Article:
The Pelican Brief, a novel

Shadows of a man and a pillar against a marble wall
Whose is the shadow?

Although John Grisham’s The Pelican Brief is described as a legal novel, it reads like an Ian Fleming–Stephen King cross.

The plot is about an attempt to pack the Supreme Court with justices who will be favorable to a new Louisiana oil drilling operation that will mean billions to a secretive donor to the Republican president and extinction to the Louisiana brown pelican.

In a single evening, a professional hit man kills the court’s oldest justice, a liberal, and the court’s youngest justice, a conservative. The FBI is baffled. What reason could anyone have for killing that pair of justices?

Law student Darby Shaw spends a couple days in the library and whips out a cui bono analysis. Her law prof/lover gives her “pelican brief” to a friend in the federal government, who passes it on.

Suddenly the prof is dead and assassins are after Darby.

Darby contacts a Washington Post reporter; together they fight for truth, justice, and the American way.

The bad guy who manipulated the president gets his comeuppances.

Darby and the reporter go off to the Virgin Islands together.

And the President is left practicing his putting in the Oval Office.

The whole thing’s too implausible for fiction.

The Pelican Brief by John Grisham
Doubleday. ©1992. 371 p.
1992 bestseller #2; my grade: C

©2020 Linda G. Aragoni

Oil for the Lamps of China Once Farsighted, Now Timely

oil lamps collage
Chinese Oil Lamps

Oil for the Lamps of China is a story of a company man in an alien culture. The novel’s detail reflects the lifetime Alica Tisdale Hobart spent in the Far East.

Stephen Chase goes to China in 1908 as a sales rep for an American oil company, leaving Lucy, his fiancé, behind: The company frowns on men dragging their wives along.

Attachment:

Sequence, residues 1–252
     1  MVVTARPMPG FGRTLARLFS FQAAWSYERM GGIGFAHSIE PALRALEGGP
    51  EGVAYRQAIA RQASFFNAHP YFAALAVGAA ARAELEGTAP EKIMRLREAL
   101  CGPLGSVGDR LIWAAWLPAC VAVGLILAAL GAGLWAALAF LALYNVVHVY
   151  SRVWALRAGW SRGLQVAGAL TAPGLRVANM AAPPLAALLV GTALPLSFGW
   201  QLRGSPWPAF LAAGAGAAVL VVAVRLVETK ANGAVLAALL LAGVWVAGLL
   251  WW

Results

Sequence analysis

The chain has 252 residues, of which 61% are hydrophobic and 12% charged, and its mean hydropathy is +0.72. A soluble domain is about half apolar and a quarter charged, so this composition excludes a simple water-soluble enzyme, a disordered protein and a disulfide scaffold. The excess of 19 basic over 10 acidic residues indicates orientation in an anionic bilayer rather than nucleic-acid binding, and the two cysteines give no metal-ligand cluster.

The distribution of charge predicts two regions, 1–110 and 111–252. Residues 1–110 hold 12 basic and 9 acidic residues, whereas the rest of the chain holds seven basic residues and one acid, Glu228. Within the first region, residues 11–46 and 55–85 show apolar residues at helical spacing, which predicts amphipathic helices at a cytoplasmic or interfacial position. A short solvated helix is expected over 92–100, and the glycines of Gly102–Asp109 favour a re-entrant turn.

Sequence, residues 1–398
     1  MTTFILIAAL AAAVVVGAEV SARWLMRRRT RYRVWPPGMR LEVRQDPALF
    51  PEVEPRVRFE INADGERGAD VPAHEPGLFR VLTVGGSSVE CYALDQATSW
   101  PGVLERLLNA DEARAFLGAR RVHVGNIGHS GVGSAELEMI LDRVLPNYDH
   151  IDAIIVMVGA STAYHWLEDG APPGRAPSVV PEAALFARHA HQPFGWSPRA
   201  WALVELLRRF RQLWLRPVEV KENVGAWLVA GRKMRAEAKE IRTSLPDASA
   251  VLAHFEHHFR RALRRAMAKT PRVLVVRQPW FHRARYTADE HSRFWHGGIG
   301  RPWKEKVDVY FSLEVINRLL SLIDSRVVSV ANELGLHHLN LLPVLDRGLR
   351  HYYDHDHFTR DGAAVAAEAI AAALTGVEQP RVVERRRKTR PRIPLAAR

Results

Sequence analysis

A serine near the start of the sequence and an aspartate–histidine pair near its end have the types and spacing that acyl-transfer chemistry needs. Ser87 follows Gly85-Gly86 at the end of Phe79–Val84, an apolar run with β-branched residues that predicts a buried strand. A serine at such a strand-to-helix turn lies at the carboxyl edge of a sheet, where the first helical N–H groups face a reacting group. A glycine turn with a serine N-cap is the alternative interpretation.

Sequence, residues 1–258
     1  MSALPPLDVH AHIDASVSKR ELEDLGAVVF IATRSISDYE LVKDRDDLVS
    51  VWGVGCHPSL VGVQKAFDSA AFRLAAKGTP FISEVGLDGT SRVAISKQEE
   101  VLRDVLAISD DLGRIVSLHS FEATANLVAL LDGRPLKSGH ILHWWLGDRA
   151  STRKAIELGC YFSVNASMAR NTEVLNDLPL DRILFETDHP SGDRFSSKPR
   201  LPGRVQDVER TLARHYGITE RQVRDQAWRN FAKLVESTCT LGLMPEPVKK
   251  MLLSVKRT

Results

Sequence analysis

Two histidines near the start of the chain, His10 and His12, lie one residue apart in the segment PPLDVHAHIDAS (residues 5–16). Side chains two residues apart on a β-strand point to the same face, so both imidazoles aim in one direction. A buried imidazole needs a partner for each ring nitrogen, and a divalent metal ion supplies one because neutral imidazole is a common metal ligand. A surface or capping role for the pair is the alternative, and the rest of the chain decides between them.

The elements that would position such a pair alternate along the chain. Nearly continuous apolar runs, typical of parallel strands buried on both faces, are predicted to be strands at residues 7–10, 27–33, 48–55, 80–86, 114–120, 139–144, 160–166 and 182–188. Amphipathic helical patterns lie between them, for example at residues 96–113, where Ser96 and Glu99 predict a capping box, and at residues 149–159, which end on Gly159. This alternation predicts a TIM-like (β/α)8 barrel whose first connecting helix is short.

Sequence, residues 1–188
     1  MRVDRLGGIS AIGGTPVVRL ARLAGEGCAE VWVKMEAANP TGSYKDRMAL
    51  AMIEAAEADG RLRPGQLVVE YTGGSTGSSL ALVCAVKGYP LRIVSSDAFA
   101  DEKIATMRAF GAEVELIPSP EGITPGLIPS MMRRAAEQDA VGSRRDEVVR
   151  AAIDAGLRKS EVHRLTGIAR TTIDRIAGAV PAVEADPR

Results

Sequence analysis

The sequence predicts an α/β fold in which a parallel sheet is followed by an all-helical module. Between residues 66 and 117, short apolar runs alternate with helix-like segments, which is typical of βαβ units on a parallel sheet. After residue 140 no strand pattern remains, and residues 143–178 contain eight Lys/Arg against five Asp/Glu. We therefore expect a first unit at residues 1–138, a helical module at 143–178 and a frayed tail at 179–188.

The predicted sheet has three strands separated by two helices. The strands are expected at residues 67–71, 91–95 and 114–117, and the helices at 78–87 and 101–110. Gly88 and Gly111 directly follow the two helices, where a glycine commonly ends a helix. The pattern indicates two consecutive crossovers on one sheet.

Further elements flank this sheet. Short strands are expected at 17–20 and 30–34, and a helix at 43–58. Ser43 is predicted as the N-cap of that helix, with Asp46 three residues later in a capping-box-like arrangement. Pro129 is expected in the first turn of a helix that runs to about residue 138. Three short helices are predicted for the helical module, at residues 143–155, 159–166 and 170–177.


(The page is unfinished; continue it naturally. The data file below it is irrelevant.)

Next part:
When Lucy throws him over, Stephen marries Hester Wentworth, whose father died on their voyage to China.

Stephen works hard, learning to stifle his personal wishes. He also learns to respect and value the Chinese culture. He becomes a real asset to the company.

Hester doesn’t fare so well. She never really adjusts to China.

At long last, Stephen realizes the company feels no loyalty to its employees. That realization frees him to chuck the whole thing.

Stephen and Hester are not vivid personalities, and their associations drain them. The company and China submerge individuals and become the novel’s real main characters.

China is just now becoming the consumer economy Hobart envisioned. And Americans have only recently realized that multinational companies don’t value employee loyalty.

It’s time to rediscover this far-sighted novel.

Oil for the Lamps of China
By Alice Tisdale Hobart
Grosset & Dunlap, 1933
403 pages
1934 bestseller # 9
My Grade: B+
 

Photo collage : Chinese Oil Lamps by Linda Aragoni

© 2014 Linda Gorton Aragoni

Cimarron Sings Praises of Frontier Women

In her foreword, Edna Ferber says that only the “fantastic and improbable” events related in Cimarron are true. Perhaps that historical sense is what propelled Cimarron to the top of the charts in 1930.

The novel is about Sabra Cravat. Her husband, a lawyer, newspaperman, and adventurer, brings her and their young son, Cimarron, west to Oklahoma just after the 1889 run that opened the land to settlers.

Sabra soon learns her flambuoyant husband is already well-known for his oratory and his shooting. Yancey champions the Indian’s plight and teaches Cim to be pro-Indian, too.

Yancey periodically disappears for days, weeks, then years at a time.

Sabra keeps the newspaper going, makes it prosper, crusades for morality, education, and culture. Eventually she becomes US Senator.

When oil is found in Oklahoma, Yancey — always one to be where the action is — comes home again in time to die as dramatically as he lived.

Ferber makes the point that men went west for adventure. Frontier women were “the real hewers of wood and drawers of water,”  the ones who made life possible.

The plot and characters of Cimarron are forgettable, but they are just interesting enough to make the history turn-of-the-century Oklahoma easy reading.

Cimarron
By Edna Ferber
Doubleday, Doran 1930
388 pages
#1 on 1930 bestseller list
My grade: B

© 2010 Linda Gorton Aragoni